Like Heinz’s famous range of condiments, there are some 57 varieties of digital music format currently available. Most are open-source and free for music companies and fans to use. They run from highly-compressed and dull-sounding MP3 to huge WAV files, bulging with juicy music data.
A new and widely, though not universally, acclaimed digital format developed by a 70-year-old British electronics engineer might not then seem to stand a chance of capturing a slice of the market — not least since it is a paid-for software.
But the invention of Bob Stuart and a 29-strong team is gaining remarkable traction. Mr Stuart’s MQA (Master Quality Authenticated) format has just been adopted by Alibaba’s Xiami music-streaming service, with its 14m subscribers in China.
That deal, Mr Stuart says, could earn him “several millions” a year in royalties. It would enable him to start recouping the £25m that went into developing MQA, which he funded in part by selling his high-end HiFi company, Meridian Audio, in 2014.
MQA promises to replicate the “emotion” of a live performance or studio master-recording, even when listened to on mobile phones. Extra audio quality, Mr Stuart claims, can even be teased from old magnetic tapes, 78rpm records and music cylinders.
Additionally, MQA files are “folded” in such a way — he calls it “music origami” — that they are under half the size of rival high-resolution audio formats. This means, when downloaded, you can get more, and arguably better, music on a device.
MQA’s Xiami contract follows agreements with Warner Brothers and Universal Music in the US to apply the format to their back catalogue as well as new music. Tidal, the high-quality streaming service partly owned by the rapper Jay-Z newly features MQA.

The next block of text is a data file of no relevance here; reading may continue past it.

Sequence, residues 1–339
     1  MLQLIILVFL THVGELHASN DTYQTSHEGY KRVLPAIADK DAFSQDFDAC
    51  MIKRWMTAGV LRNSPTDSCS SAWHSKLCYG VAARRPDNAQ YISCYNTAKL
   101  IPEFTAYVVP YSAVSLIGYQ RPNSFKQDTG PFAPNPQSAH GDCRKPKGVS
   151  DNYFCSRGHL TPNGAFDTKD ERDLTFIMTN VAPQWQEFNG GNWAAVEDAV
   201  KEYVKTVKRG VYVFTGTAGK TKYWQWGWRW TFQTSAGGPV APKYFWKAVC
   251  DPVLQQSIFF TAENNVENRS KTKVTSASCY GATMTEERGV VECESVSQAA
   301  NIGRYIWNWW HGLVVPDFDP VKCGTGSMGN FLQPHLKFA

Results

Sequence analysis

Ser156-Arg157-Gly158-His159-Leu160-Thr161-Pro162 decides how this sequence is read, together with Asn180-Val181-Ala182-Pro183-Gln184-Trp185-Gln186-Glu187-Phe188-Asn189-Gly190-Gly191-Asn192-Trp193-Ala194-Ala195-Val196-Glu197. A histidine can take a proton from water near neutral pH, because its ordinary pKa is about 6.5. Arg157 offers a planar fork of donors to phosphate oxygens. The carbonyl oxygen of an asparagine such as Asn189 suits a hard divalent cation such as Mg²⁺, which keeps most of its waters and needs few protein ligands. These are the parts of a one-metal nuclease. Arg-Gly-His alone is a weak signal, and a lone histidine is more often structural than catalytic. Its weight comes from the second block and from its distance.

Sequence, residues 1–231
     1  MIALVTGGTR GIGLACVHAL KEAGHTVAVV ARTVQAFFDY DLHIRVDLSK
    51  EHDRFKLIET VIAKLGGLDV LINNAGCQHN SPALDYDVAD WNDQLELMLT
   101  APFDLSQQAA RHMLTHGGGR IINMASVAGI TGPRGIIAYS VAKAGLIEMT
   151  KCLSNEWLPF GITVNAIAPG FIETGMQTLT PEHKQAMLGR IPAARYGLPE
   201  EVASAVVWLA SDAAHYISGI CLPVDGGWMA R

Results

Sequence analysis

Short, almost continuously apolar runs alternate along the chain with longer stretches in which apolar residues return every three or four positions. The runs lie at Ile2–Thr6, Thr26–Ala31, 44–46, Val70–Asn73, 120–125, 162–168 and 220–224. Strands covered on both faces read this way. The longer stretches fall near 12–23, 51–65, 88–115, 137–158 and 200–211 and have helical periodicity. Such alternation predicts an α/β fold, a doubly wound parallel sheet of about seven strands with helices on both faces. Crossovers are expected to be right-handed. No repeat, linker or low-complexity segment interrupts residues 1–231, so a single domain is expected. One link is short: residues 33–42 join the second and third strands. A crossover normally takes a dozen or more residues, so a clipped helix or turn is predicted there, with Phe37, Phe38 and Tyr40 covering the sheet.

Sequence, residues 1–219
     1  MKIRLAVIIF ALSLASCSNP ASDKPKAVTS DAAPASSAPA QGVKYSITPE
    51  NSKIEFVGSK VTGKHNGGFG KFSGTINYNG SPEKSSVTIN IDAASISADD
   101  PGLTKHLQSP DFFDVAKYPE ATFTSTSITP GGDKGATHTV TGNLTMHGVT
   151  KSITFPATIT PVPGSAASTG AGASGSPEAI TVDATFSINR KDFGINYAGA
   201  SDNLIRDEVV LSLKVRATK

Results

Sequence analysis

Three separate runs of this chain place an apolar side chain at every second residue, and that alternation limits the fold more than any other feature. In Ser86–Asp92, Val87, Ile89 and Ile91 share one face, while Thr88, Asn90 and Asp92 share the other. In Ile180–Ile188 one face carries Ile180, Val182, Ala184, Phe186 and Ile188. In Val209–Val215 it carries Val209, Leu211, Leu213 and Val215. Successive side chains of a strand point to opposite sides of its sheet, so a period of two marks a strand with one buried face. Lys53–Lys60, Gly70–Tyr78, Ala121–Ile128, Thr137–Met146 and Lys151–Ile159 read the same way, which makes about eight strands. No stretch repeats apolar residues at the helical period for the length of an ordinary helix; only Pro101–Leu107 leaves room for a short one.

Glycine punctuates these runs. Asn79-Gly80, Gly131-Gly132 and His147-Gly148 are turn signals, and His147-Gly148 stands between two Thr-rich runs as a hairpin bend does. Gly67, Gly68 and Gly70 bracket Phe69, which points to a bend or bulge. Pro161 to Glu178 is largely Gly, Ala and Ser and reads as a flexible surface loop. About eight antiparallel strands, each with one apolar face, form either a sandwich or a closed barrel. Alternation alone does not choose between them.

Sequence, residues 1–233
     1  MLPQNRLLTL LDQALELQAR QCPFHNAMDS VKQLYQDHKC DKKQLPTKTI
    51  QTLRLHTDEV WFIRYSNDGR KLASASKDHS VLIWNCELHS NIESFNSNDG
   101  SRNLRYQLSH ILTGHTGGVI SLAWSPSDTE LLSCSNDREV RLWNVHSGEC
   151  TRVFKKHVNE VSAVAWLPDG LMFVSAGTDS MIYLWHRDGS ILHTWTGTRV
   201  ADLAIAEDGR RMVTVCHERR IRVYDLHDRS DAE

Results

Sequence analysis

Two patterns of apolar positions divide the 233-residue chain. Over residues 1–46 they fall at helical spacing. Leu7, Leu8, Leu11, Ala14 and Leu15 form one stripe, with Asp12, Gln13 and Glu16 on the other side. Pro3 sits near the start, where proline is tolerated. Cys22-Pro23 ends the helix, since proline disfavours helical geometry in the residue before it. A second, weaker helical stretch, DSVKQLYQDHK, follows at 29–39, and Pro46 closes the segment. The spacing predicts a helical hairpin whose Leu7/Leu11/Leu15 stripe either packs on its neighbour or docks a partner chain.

The software is popular in Japan, especially when encoded into CDs, which are still popular in the market. Elsewhere, Mr Stuart says some broadcasters are considering using a version of the software, MQA Live, to transmit concerts.
But is MQA better than the competition?
Most people probably cannot hear the difference between one HiFi product and another. Leading scientific sceptic James Randi once offered $1m for a journalist to submit to a blind test of speaker cables. No one accepted the challenge.
Yet I think one can tell the difference. I pay £19.99 a month to Tidal for their highest quality Masters version, because it streams MQA. To me, it has a clean, rich quality I enjoy. I probably would not pass a blind test of MQA against another fancy format. Similarly, I prefer more expensive wine without being able to explain quite why. I like to believe I’m experiencing the best.
Audiophiles are notoriously discordant. For all those endorsing MQA, there are some online angrily decrying it. Yet others post passionate arguments that all high-resolution audio is nonsense and only a dog or a scientific instrument could tell the difference.
“Human perception is complex,” Mr Stuart told me. “There are ways neuroscientists can convince people they’re drinking coffee when they’re drinking tea. But we love the art of what we do, the bringing of pleasure through high quality to millions of people. For those millions of people to translate into millions of dollars of revenue is almost secondary.”
“The jury is still out,” says Thomas Steffens, founder of Primephonic, a new Netherlands-based, classical-music, streaming service. “When you listen to MQA against the best format we use, I would almost say it’s a matter of taste . . . I like MQA’s vision, I hope they will be successful producing the highest audio-quality possible, but it would be a big technical overhaul for us to adopt it.”
It seems that the new digital music format MQA could yet become a valuable, invisible, supply chain-free export for the new-format, post-Brexit UK. But like post-Brexit Britain, it is not yet clear who is going to like it.